A Whāngārei farm manager has been fined $3,130 after hitting a cow with an alkathene pipe and a metal bar.
Pain relief for those procedures will be mandatory from that date. It is part of a package of new animal welfare regulations, most of which take effect on October 1 this year. However, the industry has been given more time to prepare new disbudding and dehorning regulatory requirements.
Beattie told Dairy News a lot of work has gone into developing guidelines for not just the effective placement of anaesthetic but also to provide the right training to farmers to make sure when they are using a local that it will do the right job.
“The intention is for a local to be authorised on farms; there are a number of different mechanisms that can be used. If a farmer has a veterinarian, and a relationship with that vet, then the farmer may already be getting drugs authorised onto their farm through their annual consultation.
“If they have done the training, been shown how to use a local and ticked off all those things we need to teach them — like placing the local effectively and using the tools effectively — then they can have local authorised onto their farm to undertake the disbudding themselves.
“The process of getting local on farms per se is not new; it is already allowed for under legislation, and that’s how farmers already have other drugs onfarm, like antibiotics or anti-inflammatories. So that part of the process is not new; having local for this particular task is new.”
Beattie says they have been working on an overarching guideline for the disbudding dehorning process and also a guideline for training and training assessment documents.
“It is a guideline so that at least the vets out there training people how to do this have a default starting point. They are welcome to take it and use it as they see fit and tweak it accordingly, but we have covered the key points within that document so we know there’s the same song sheet to sing from.”
The training will not involve a formal qualification; it is not a NZQA approved or accredited programme.
“It is a comprehensive document that goes to the structure, the theory of how nerves work and how to place the local and pro-forma contracts you would draw up between the farmer and the vet as well.
“There needs to be a reconciliation process onfarm too, so that we know where the local and all the other drugs are and which animals they have gone to -- an audit trail essentially.
“For arguments sake, you could be disbudding tens of thousands of calves or you could be doing 200 or even 40; there is a very wide variation on what that is going to look like.
“These documents are set up so you can pick and choose; for each individual situation you can draw that contract up appropriately and according to what each case looks like.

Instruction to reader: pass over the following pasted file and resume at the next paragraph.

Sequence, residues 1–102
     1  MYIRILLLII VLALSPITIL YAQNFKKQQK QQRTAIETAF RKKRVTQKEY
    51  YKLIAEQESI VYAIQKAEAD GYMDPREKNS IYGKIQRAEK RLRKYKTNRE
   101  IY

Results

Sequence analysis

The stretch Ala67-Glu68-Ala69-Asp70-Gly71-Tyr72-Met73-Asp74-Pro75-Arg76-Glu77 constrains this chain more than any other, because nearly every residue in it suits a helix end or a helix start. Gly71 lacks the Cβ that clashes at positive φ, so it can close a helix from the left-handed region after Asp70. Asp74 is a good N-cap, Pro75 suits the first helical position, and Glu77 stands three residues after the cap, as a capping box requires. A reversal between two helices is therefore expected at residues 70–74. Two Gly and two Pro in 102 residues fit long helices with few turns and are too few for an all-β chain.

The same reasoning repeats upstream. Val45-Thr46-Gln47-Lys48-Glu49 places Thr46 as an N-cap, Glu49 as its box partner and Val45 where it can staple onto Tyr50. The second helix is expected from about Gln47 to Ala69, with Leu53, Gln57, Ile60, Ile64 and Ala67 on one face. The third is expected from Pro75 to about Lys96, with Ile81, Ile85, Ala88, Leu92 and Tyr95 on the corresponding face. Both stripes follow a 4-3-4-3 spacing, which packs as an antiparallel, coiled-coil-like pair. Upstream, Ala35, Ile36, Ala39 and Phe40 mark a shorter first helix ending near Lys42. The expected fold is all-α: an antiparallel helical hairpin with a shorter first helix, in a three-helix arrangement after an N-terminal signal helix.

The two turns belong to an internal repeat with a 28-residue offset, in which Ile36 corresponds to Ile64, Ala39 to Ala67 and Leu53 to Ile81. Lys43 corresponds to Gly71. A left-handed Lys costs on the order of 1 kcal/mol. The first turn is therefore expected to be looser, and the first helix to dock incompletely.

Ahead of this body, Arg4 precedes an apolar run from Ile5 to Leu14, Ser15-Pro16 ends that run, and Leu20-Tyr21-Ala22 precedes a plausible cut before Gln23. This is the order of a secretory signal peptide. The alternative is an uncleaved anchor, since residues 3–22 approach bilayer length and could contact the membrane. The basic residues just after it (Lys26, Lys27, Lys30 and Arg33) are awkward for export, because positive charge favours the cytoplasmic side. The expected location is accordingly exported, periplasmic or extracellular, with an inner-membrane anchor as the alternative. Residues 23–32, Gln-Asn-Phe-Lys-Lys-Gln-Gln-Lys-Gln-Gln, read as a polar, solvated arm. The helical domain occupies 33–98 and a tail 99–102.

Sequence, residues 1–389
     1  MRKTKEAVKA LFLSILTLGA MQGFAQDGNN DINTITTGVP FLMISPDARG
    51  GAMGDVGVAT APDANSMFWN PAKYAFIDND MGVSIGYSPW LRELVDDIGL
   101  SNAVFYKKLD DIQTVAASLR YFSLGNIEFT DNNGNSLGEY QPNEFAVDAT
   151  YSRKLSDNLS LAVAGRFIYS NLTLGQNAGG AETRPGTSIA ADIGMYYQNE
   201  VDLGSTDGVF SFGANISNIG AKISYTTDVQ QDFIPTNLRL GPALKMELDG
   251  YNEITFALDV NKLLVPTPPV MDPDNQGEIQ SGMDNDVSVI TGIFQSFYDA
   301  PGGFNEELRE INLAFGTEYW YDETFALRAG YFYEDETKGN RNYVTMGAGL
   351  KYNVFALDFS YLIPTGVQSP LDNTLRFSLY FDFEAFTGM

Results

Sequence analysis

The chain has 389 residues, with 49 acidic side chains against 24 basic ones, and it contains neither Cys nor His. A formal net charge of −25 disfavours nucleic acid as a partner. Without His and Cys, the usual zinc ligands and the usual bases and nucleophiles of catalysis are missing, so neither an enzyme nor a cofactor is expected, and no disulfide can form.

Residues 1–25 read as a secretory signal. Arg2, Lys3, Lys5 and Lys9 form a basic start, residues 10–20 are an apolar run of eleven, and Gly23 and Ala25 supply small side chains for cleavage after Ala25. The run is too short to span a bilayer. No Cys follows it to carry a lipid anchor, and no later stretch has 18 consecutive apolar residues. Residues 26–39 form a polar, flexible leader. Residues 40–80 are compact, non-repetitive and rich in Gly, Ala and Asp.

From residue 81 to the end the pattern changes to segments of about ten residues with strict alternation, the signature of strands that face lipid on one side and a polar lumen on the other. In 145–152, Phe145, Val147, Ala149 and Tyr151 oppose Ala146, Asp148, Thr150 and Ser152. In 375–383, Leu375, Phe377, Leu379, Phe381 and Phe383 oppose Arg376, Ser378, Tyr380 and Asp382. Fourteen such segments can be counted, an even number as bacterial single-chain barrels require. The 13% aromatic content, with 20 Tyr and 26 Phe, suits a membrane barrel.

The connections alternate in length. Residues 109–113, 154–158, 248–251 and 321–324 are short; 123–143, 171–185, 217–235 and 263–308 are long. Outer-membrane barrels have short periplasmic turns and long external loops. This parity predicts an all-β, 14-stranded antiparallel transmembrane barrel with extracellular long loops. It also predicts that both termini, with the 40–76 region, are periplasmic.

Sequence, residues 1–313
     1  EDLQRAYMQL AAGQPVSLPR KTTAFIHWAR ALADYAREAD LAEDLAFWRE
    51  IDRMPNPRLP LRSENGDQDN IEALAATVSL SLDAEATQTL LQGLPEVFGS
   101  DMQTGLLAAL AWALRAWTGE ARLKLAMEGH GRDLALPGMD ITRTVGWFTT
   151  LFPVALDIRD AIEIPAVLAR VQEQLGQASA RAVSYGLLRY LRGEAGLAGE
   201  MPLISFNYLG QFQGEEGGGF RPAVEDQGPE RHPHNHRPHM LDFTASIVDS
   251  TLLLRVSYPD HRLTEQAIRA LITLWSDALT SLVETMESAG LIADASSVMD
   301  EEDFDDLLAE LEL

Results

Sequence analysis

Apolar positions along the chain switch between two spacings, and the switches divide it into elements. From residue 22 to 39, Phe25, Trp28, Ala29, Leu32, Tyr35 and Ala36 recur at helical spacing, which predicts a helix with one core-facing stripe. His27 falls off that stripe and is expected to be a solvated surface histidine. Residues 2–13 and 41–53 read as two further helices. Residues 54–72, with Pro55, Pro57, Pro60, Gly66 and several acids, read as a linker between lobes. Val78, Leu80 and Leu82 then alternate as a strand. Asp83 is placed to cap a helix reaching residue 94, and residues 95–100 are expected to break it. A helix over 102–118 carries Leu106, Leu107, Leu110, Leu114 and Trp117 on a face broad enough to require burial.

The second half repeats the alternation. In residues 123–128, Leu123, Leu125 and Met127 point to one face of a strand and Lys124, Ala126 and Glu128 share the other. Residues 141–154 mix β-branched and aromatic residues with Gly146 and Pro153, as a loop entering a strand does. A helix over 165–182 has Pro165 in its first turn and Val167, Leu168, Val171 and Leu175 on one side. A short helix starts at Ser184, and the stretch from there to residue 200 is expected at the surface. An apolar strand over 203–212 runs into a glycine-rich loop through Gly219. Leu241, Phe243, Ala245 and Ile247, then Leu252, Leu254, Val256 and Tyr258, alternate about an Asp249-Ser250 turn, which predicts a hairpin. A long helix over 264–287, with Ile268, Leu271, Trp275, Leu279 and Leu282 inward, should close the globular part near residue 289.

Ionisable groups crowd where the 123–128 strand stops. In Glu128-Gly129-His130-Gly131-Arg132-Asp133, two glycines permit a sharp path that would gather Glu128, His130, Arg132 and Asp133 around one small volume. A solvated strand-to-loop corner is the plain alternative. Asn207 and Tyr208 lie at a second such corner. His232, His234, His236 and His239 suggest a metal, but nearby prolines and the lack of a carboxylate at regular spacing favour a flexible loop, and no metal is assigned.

“We have provided all of that; it is not a legal requirement per se but it is what we are providing to members to make the job easier and making sure they are ticking off all the right things within their training assessment processes.”
The use of local, however, will “absolutely” be a legal requirement.
“We are providing the support documents for that to make the process as smooth as possible. There is not much point in everybody drawing up their own.
“NZVA and the dairy cattle vets have pulled this together as ‘here’s something you will find useful’. We hope they do because we have spent a lot of time on it to facilitate that process and it sets expectations of what we think should be ticked off -- what farmers need to know; it is not just on how to put the local in.
“It is about safe needle use and where to store and how to be careful with the smoke and health and safety issues.
“More health and safety issues are involved rather than worrying about just where you put the needle in the cow’s head to provide local.
“It is a challenging thing. It is very easy forget when you are a veterinarian dealing with needles and syringes and injecting animals all the time and it comes as second nature to use. I totally understand it will be challenging for some farmers.
“If you are a farmer who doesn’t feel competent enough or you don’t want to or there is a disbudding service in your local area, it may be that you engage another provider to come and do disbudding for you. There are a number of options around how to make sure you can have your animals disbudded inside the law, whether or not it is you or a disbudding provider that comes to do that.
“Some people are very squeamish about needles and we need to make sure we have the facilities to help those people.
“Some people are already doing this. Because we can already authorise drugs onto farm it is possible now to have access to local and to be using local already to do disbudding.
“From October 1 next year this becomes the law but this doesn’t preclude people from doing it now.”